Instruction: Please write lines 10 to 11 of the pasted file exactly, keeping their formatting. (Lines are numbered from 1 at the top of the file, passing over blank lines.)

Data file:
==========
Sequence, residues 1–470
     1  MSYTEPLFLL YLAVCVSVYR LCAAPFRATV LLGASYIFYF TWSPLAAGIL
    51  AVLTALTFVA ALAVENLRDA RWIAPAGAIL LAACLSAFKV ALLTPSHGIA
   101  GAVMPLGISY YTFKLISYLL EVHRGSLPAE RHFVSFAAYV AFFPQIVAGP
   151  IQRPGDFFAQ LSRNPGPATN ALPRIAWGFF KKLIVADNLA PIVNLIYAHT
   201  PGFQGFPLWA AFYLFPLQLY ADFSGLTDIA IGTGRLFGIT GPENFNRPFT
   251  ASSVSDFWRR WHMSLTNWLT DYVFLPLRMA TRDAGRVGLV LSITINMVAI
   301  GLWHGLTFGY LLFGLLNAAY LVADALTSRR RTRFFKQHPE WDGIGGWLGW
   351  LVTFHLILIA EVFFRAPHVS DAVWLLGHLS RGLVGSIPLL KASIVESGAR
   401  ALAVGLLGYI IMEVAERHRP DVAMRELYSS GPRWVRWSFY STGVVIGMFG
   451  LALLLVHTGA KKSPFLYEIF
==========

   401  ALAVGLLGYI IMEVAERHRP DVAMRELYSS GPRWVRWSFY STGVVIGMFG
   451  LALLLVHTGA KKSPFLYEIF